By the summer of 1944 it was clear that Japan's defeat was inevitable, but how the drive to victory would be achieved remained unclear. The ensuing drama - that ended in Japan's utter devastation - was acted out across the vast theater of Asia in massive clashes between army, air, and naval forces. In recounting these extraordinary events, Max Hastings draws incisive portraits of MacArthur, Mao, Roosevelt, Churchill, Stalin, and other key figures of the war in the East. But he is equally adept in his portrayals of the ordinary soldiers and sailors caught in the bloodiest of campaigns. With its piercing and convincing analysis, Retribution is a brilliant telling of an epic conflict from a master military historian at the height of his powers.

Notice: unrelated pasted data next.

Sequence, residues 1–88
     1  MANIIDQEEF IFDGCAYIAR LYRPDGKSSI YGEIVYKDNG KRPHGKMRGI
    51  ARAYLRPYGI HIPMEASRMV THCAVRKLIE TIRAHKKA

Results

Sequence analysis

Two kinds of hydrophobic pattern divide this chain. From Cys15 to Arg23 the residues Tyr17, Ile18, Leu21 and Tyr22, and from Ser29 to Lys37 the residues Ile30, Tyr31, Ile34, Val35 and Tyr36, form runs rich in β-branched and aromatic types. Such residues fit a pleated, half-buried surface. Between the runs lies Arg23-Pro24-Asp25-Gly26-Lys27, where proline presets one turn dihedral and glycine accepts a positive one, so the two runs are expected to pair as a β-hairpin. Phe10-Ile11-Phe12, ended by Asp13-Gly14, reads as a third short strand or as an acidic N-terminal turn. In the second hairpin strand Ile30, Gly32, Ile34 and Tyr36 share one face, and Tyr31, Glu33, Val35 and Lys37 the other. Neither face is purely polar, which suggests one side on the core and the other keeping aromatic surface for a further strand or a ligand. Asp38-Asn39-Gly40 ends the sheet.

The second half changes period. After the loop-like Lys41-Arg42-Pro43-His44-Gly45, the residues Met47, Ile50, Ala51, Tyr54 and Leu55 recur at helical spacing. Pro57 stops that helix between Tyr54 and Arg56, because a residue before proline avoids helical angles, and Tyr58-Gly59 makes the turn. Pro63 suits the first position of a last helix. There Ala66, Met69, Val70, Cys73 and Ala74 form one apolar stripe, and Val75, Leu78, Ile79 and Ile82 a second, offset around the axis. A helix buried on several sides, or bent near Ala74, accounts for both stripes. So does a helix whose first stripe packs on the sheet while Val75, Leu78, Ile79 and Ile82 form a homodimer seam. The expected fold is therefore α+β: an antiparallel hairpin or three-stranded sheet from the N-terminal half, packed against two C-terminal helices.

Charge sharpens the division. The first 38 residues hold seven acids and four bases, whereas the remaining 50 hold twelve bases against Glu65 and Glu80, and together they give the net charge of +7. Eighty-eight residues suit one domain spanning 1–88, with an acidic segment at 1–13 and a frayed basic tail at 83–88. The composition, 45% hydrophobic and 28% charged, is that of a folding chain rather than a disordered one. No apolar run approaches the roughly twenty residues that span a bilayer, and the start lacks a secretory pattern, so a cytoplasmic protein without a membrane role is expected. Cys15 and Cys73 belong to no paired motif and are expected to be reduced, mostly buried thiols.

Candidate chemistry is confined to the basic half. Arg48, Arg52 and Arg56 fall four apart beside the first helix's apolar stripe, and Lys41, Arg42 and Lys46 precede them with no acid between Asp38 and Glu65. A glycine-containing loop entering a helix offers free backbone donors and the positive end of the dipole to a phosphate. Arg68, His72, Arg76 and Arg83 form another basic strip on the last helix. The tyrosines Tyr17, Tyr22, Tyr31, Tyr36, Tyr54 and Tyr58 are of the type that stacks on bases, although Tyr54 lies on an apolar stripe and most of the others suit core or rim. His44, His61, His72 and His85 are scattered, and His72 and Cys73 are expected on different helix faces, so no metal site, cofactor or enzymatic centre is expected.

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Too much hand-wringing
The first three quarters of the book are very good. The last quarter is marred by interminable hand-wringing about the use of the atomic bomb. The author seems to have a neurosis about this topic. It ruins what would otherwise have been a fine effort.
Dear Max Hastings: Just tell us what happened. We, the readers, can draw our own ethical conclusions; we don't need you to beat us over the head.